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Oregon Jailer Avoids Prosecution for Online Assault Boast; Jail Employees Lose Internet Access

Oregon Jailer Avoids Prosecution for Online Assault Boast; Jail Employees Lose Internet Access

by Mark Wilson

An Oregon jail guard who bragged in an online forum that he beat a prisoner and then had the prisoner charged criminally will not face charges himself, according to the Multnomah County District Attorney’s Office.

In 2007, David B. Thompson, a guard at Portland’s Multnomah County Detention Center (MCDC), made some disturbing comments in an Internet game site chat room. “I crushed a dude’s eye socket from repeatedly punching him in it, then I charged him with menacing and harassment,” Thompson wrote. “He took a plea to get away from me. He shoulda picked somebody else to try and fight.”

Thompson admitted to investigators that his comment referred to a 2005 incident in which he repeatedly hit jail prisoner David M. Baker in the head and face, which was one of Thompson’s 40 known use-of-force incidents since 2002.

Witnesses allegedly supported Thompson’s claim that Baker had initiated the attack, according to the district attorney’s “decline-to-prosecute” memo.

At the time of the incident, Baker, who had a history of assaults, said Thompson had attacked him without provocation. Regardless, he pled no contest to attempted assault on a public safety officer. During an investigation into Thompson’s online comments, Baker again claimed that Thompson had initiated the assault; however, he refused to take a polygraph test. There was no indication that Thompson was asked to submit to a polygraph.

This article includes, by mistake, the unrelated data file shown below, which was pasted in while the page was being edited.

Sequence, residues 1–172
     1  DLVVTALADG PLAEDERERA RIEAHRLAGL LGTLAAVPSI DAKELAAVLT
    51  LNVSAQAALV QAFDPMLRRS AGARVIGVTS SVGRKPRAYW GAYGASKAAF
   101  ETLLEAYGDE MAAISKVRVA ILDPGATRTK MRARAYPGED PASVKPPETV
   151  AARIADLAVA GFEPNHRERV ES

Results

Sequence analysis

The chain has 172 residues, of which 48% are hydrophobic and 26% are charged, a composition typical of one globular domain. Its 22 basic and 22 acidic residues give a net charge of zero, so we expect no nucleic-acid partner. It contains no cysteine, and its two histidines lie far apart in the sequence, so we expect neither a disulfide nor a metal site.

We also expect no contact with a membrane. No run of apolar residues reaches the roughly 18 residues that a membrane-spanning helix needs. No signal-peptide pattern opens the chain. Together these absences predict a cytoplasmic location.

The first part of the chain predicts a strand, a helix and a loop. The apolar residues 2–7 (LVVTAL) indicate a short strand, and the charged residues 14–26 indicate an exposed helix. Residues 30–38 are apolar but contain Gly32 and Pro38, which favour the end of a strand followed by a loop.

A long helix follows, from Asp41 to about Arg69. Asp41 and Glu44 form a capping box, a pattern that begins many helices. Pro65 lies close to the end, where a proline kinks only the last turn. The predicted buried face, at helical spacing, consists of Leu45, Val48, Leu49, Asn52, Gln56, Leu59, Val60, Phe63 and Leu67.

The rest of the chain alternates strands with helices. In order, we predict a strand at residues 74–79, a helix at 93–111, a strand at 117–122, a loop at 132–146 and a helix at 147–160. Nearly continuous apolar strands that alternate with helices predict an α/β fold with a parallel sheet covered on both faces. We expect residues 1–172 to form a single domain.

Senior Deputy District Attorney Don Rees characterized Thompson’s online admission as nothing more than “puffing or boasting.” The comment was one of over 1,700 posts that Thompson had made on the online gaming site, City of Heroes, which he accessed from his work computer. In another post he expressed the satisfaction he received from using a Taser. “Seeing someone get Tasered is second only to pulling the trigger,” he stated. “That is money – puts a smile on your face.”

On the advice of counsel, Thompson refused to discuss his computer use with investigators, according to the prosecutor’s memo. “Here is a public servant, getting paid with public money, spending a significant amount of his shift playing video games,” observed Portland Tribune reporter Nick Budnick.

Jail supervisor Ron Bishop said an internal affairs investigation would determine whether Thompson had violated MCDC computer use restrictions or general conduct standards. Meanwhile, Thompson was restricted from Internet access at the jail and moved to a position where he had no contact with prisoners.

Thompson’s conduct raised serious questions about jail staff who spend too much time online for non-job-related reasons while neglecting their official duties. Hoping to avoid similar incidents in the future, the sheriff’s office has installed Internet filtering software to monitor and limit the websites employees can visit.

“It’s a more proactive way of doing it,” said Christine Kirk, the sheriff’s chief of staff. She said the software has already been used to alert managers to excessive Internet use by several employees in the wake of the Thompson scandal.

After it was discovered in October 2008 that three deputies had used a work computer to view pornography, the sheriff’s office instituted a policy prohibiting jail employees from going online without prior written permission. “I want people focusing on their job and not using the Internet,” remarked Sheriff Bob Skipper.

Sources: The Oregonian,, Portland Tribune

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